AMD Trinity Review: The A10 5800K and A8 5600K Break Cover
Power and Overclocking
AMD essentially promised about 20% to 35% more performance for the same power consumption when going from Llano to Trinity. So let us take a good look at what our idle power stands out, and then where it is when fully loaded with both the CPU and GPU chugging along.
Idle is ridiculously low with all of these processors. 41 watts for the 5600K is just sorta nuts. The older i3, though based on Intels 32 nm process, has a much higher idle draw. The 3870K is also pretty low, but does not approach the 5600K. Once we load things up it changes a lot. The 5800K is much faster overall, in nearly every test, than the 3870K. But it eats up about 21 more watts at that speed. The 5600K on the other hand is right at, or slightly faster throughout testing than the 3870K, but comes in around 4 watts less. The new Trinity architecture is more efficient than Llano, but it might be hard to say that it is 20% faster with the same power consumption. Remember, these individual parts I have may not be representative of the CPUs available as a whole.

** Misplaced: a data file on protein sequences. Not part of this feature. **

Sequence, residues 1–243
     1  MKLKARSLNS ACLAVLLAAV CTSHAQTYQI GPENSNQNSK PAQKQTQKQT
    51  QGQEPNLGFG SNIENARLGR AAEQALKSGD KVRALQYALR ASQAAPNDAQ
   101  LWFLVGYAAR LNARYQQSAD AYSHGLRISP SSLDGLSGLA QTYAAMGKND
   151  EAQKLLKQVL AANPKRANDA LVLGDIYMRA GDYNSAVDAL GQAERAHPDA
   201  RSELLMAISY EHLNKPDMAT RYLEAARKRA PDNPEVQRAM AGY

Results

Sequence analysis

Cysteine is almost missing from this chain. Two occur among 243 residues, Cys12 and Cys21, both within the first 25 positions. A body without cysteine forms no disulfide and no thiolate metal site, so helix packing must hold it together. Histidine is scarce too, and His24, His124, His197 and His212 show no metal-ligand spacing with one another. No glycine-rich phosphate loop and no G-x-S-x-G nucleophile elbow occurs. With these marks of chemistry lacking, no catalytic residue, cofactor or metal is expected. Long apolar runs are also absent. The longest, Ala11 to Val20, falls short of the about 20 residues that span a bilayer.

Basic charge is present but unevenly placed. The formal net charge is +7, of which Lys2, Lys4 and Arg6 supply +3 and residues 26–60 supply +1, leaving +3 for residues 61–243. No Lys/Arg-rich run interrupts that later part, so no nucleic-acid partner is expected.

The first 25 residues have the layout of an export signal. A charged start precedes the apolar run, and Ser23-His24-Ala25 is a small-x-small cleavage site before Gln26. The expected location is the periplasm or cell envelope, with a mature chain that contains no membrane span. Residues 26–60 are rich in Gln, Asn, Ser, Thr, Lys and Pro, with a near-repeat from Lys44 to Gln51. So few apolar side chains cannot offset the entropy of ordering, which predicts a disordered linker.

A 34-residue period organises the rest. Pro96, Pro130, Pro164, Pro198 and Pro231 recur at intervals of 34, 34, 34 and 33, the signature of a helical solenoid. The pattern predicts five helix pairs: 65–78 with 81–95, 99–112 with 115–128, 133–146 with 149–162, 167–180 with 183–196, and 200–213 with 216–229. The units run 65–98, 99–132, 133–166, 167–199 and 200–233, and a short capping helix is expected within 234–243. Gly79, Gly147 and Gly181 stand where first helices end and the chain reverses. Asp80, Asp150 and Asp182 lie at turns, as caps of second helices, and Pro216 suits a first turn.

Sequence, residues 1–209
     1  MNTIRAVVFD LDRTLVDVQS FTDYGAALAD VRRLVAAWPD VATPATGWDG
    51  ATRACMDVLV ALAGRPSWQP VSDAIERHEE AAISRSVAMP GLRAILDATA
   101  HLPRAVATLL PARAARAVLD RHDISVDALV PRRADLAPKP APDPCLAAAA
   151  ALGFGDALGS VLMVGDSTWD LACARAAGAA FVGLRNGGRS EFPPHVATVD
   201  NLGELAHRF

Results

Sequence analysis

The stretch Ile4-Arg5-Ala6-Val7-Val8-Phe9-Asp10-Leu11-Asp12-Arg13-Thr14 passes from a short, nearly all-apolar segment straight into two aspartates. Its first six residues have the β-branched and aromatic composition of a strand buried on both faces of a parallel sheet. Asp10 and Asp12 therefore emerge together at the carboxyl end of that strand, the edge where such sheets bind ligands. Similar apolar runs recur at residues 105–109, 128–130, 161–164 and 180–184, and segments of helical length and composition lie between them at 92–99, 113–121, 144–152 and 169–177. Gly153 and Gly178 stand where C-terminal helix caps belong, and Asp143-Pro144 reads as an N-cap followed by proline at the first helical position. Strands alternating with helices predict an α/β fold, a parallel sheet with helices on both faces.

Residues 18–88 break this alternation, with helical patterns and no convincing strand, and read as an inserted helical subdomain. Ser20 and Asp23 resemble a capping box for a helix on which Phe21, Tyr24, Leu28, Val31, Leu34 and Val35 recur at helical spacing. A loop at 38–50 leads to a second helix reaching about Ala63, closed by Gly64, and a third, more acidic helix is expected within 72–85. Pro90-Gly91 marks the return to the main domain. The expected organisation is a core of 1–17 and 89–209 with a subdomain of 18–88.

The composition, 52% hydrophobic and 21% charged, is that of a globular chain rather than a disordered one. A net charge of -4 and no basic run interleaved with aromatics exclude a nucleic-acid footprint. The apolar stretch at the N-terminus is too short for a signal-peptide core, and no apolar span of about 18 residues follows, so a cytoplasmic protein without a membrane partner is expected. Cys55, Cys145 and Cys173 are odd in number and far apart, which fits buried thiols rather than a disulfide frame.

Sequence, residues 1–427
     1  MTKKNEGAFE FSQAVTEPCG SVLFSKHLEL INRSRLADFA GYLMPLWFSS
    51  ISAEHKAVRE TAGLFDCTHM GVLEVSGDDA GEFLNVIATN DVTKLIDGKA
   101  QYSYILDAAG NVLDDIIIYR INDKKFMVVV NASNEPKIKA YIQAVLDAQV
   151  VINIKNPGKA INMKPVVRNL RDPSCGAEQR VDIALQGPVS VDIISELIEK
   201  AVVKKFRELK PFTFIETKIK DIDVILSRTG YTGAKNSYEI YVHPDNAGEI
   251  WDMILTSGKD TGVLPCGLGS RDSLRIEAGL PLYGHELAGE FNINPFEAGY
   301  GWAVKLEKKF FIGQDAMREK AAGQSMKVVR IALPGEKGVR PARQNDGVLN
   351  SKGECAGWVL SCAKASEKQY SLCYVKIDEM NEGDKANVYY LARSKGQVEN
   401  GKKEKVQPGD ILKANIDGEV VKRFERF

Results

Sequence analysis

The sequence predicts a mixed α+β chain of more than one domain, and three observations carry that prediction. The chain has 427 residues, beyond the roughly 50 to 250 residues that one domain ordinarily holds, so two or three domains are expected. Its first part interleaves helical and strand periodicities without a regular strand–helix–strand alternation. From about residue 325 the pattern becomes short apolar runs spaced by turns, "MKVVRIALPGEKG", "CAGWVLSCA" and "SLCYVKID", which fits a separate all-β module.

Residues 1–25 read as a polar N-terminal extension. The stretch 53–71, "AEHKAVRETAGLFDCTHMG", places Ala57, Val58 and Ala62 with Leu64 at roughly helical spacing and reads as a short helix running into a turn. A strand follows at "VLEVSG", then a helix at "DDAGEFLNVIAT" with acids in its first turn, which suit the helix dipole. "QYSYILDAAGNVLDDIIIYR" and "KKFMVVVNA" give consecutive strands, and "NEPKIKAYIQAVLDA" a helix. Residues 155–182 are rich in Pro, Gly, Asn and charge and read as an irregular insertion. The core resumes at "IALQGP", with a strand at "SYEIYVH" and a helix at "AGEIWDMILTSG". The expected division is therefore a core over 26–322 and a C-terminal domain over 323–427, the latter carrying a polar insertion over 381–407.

I was very ready to take Trinity to 5 GHz and beyond. I had thought that AMD would have fixed all those nasty little power issues that Bulldozer had. Here was a part that should clock higher, eat less power, and produce less heat. It didn’t work out that well.
I was able to get to 4.4 GHz with my A10 5800K sample, and no further. Even raising the core voltage to 1.6v did not allow it to even post at 4.5 GHz. Up until 4.4 GHz the processor was very stable. Then it went no further.
The graphics portion is also able to be overclocked. This sample was able to hit 1020 MHz without issue. This does result in a nice boost in graphics performance, and that is further enhanced when overclocking the memory from DDR-3 1866 to DDR-3 2100 speeds. It is a fun little number to play with, but so far I was disappointed that it was unable to get past 4.5 GHz.